The Bhavas are four spiritual attitudes to cultivate as a student of yoga, or really as a student of anything! The Bhavas are:
- Duty (Dharma)
- Knowledge (Jnana)
- Detachment (Vairaigya)
- Self-Reliance (Aiswarya)
Duty, or Dharma, is an important concept in the Yoga Sutras as well as in the Bhagavad Gita. The idea here is to know your duty, understand what you have to do, and then perform that duty with a neutral attitude, without regard to whether you like or dislike the task. Some examples are going to yoga class regularly even when you don’t feel like it, studying and doing your homework for school, making phone calls at the office, or taking out the trash. Regardless of whether you enjoy taking out the trash, pickup is on Tuesday morning, so it’s your duty to take it out on Monday night with no complaining! To cultivate your sense of duty, try doing meditative yoga asanas, like a series of sun salutations or half-salutes.
Knowledge, or Jnana, goes hand in hand with duty. We should strive to know ourselves at every level: body, thoughts, speech, and emotions. Knowing yourself will help you to better know and understand your duty as well. To cultivate self-knowledge, work on concentration exercises (like, for example, counting meditation), and yoga asanas that require concentration, like balance poses. Pranayama breathing exercises (like these) are also helpful here – pranayama helps you learn your breathing patterns and how to calm your emotions using your breath.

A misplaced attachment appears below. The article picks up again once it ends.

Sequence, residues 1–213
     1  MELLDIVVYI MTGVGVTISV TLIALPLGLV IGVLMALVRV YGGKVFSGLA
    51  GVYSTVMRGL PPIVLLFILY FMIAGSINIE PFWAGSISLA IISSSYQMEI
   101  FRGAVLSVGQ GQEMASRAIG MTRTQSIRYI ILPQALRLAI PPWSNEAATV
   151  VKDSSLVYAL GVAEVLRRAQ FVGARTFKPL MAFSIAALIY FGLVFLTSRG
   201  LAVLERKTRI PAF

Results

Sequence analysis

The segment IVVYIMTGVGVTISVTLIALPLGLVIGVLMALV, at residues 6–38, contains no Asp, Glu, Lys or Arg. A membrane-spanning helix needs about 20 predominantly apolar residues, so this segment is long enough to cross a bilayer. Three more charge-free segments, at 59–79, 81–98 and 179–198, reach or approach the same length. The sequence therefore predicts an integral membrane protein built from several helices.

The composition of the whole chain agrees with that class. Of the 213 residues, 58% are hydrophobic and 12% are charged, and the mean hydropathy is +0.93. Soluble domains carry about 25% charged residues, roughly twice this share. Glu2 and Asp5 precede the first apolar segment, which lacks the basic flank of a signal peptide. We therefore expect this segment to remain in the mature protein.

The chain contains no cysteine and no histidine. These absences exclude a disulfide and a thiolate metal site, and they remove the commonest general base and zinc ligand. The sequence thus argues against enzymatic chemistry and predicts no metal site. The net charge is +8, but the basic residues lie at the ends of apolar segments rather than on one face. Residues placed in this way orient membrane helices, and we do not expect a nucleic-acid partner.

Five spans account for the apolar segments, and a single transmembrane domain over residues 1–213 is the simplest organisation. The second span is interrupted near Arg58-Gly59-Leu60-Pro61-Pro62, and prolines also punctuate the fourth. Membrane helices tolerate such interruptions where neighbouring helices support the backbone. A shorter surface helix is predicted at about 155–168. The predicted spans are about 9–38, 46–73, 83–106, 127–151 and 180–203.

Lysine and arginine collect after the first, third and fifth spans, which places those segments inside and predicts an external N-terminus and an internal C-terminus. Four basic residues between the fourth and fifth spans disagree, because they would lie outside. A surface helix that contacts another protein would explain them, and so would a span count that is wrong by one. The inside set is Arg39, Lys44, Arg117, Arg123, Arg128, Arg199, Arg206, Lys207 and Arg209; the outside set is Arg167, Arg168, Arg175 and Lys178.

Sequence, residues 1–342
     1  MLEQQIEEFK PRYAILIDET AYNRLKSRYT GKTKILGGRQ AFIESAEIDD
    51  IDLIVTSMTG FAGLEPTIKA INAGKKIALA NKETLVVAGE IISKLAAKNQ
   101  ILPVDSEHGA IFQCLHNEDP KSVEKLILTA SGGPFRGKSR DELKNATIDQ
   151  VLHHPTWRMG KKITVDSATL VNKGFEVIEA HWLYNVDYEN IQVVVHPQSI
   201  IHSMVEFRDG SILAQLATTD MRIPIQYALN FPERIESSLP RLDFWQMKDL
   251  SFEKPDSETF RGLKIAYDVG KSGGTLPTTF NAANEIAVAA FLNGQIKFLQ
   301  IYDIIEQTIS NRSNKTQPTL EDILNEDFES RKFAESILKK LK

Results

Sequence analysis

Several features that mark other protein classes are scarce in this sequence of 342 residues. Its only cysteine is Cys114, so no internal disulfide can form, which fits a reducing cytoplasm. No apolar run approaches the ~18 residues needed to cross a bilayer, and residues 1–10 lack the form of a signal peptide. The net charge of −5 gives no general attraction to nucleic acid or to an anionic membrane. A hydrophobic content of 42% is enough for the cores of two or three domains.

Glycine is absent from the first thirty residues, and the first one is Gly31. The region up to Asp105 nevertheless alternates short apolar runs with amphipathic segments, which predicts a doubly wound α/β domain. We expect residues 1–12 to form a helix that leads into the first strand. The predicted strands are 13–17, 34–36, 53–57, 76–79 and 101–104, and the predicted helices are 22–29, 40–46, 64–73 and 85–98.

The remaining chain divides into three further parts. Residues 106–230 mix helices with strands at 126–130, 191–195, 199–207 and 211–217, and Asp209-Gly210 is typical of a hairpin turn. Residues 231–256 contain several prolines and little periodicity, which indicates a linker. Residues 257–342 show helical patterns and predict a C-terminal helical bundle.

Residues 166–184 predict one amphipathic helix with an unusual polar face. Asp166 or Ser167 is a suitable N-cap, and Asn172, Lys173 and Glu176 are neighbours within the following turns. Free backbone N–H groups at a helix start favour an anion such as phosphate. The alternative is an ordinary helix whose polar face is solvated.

Detachment, or Vairaigya, means living in the world without being of the world. We work not to get caught up in the trivial details of the world around, instead keeping a sense of our true Self, which remains unchanging. This also feeds back into duty – we do the right thing because it’s right, and with detachment from the results, without thought of reward. Overall, cultivating detachment in our lives usually means cultivating an attitude of humility and surrender. Yoga asanas that can help with this include forward bends and twists. These postures encourage us to surrender and relax into the pose: if you’re tensing your muscles and pushing hard, it’s more difficult to succeed with forward bends and twists, but if you let go and surrender to the pose without trying to push, you’ll often find that you can bend just a little bit farther, twist just a little bit deeper.
Self-Reliance, or Aiswarya, can also be referred to as willpower or self-confidence. It’s that deep inner sense that you can do what you need to do. Self-reliance comes from knowing yourself well and having a attitude of humility. Maybe we could also call it integrity! Backbends are yoga asanas that will help with this bhava. Backbends can be scary because you’re dropping your head backwards, unable to see anything coming toward you, so doing backbends develops confidence and strength. Backbends also work to open up the chest, heart, and shoulders, which helps posture – if you’re standing with chest open, shoulders back, you’ll project a much more positive, confident attitude than you would by hunching over!
For me, the bhavas are interesting and helpful to keep in mind as I follow the path of karma yoga, which requires following my dharma with a sense of service and without regard for reward. But the bhavas are useful for any yogic path, or for people following a different path entirely: the characteristics described by the bhavas are useful to cultivate no matter what your faith, religion, or spiritual path!